Liver presevation, MRI
MRI, liver preservation
Air collection, liver preservation, MRI
Springer Online Journal Archives 1860-2000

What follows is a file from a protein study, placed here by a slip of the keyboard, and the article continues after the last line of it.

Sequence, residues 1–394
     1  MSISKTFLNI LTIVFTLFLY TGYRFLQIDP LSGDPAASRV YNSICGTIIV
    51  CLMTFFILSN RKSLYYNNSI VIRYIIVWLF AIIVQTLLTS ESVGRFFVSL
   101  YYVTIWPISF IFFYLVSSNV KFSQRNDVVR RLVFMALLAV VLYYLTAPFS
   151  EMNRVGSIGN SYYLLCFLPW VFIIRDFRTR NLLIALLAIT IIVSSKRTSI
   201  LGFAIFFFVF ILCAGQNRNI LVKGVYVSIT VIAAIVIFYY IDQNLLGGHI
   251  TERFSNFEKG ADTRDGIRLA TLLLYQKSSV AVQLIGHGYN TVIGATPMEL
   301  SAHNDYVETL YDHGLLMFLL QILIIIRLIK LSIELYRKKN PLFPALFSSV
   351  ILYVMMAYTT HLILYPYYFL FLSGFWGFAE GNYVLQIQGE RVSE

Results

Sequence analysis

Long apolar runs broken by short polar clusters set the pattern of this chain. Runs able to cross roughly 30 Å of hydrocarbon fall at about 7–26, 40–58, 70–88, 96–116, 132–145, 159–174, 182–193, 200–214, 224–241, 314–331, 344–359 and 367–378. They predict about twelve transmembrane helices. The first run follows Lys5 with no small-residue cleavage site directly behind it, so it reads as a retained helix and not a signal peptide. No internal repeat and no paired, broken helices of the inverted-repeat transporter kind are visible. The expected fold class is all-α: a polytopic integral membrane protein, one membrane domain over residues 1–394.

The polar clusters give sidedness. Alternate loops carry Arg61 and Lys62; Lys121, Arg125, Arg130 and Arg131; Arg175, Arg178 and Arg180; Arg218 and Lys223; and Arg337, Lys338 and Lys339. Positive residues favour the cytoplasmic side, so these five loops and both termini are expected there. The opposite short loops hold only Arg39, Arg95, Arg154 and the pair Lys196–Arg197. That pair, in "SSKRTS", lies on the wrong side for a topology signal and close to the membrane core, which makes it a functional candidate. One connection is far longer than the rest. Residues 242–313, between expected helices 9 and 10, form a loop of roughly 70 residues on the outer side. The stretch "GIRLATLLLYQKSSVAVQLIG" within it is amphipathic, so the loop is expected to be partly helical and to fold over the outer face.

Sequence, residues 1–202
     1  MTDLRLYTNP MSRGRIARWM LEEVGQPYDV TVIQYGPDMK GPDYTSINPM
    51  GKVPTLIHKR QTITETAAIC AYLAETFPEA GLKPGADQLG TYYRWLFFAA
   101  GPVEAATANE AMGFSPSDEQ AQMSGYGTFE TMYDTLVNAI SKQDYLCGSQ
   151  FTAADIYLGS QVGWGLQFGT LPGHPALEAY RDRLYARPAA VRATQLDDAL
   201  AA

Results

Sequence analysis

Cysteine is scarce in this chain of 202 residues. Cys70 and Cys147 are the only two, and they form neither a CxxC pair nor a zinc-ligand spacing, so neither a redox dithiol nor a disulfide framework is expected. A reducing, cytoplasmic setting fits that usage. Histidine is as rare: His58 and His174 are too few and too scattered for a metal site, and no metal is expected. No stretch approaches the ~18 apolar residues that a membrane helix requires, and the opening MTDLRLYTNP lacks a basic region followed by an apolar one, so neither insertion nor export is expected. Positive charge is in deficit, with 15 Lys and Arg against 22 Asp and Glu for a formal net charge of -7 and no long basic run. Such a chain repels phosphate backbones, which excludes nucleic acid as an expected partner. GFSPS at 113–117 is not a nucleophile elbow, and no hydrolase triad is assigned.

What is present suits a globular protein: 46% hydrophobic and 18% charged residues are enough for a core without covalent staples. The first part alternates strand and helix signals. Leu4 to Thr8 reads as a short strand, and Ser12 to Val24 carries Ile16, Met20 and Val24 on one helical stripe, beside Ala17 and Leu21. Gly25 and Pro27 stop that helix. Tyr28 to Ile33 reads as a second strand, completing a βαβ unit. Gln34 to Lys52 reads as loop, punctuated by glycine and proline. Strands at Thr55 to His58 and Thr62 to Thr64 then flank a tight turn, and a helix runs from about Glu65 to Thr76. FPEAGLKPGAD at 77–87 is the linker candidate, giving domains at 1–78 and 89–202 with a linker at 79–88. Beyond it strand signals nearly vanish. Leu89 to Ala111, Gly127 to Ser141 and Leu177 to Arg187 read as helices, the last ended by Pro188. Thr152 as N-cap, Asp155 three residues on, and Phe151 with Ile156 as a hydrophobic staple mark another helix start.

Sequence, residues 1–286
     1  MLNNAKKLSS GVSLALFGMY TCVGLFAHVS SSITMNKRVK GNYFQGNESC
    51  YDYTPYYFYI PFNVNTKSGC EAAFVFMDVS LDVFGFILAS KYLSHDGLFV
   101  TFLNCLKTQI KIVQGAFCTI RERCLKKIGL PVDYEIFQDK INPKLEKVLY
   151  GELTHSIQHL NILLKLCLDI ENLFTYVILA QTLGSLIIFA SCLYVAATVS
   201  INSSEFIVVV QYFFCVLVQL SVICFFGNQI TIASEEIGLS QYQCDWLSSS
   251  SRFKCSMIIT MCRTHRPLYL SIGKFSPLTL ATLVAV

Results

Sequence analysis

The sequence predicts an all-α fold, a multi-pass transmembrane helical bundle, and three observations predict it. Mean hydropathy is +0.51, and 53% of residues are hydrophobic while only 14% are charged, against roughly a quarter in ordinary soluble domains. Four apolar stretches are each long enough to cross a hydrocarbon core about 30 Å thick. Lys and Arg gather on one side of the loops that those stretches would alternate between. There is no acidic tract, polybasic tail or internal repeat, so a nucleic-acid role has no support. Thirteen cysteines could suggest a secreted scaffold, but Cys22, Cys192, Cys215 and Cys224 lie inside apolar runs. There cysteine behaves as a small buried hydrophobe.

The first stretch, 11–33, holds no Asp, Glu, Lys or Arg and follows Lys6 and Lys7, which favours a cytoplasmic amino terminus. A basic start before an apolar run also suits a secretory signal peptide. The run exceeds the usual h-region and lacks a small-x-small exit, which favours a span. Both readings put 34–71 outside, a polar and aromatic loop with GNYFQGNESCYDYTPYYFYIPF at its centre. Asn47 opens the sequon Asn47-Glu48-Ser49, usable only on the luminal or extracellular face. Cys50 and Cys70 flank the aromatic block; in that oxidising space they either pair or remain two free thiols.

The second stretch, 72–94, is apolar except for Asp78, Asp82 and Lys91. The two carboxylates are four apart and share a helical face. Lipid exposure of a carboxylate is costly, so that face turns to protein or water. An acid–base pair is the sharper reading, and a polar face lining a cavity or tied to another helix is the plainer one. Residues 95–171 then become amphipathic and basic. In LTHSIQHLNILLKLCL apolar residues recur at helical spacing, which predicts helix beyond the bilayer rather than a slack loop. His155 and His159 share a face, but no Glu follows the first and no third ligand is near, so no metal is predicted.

Abstract In human liver transplantation, air embolism is seldom encountered after graft reperfusion. Nevertheless, despite adequate flushing and clamping routines, air emboli have been reported in transesophageal echocardiography (TEE) studies performed during the reperfusion phase. We retrospectively investigated whether air in the donor liver — as observed with pretransplant magnetic resonace imaging (MRI) — resulted in clinical air embolism or contributed to preservation/reperfusion injury. Clinical air embolism was assessed by intraoperative hemodynamics and end-tidal CO2 monitoring. Preservation/reperfusion injury was assessed in postoperative biochemical measurements. The outcomes were compared between patients receiving livers containing significant intrahepatic air and patients receiving livers without intrahepatic air. Forty-three livers were studied, seven of which had major intrahepatic air and ten of which had no evidence of air collections. Twenty-six livers showed minor amounts of air and were excluded from further study. One patient who received a liver that did not contain intrahepatic air had clinical evidence of air embolism. Clinical air embolism did not appear to be associated with the presence of significant intrahepatic air based upon pretransplant MRI. Intrahepatic air did not seem to affect the amount of preservation/reperfusion injury. Our data indicate that air bubbles in the portal and arterial branches are absorbed during reperfusion and that the majority of intrahepatic air is effectively removed by the specific flushing routines.
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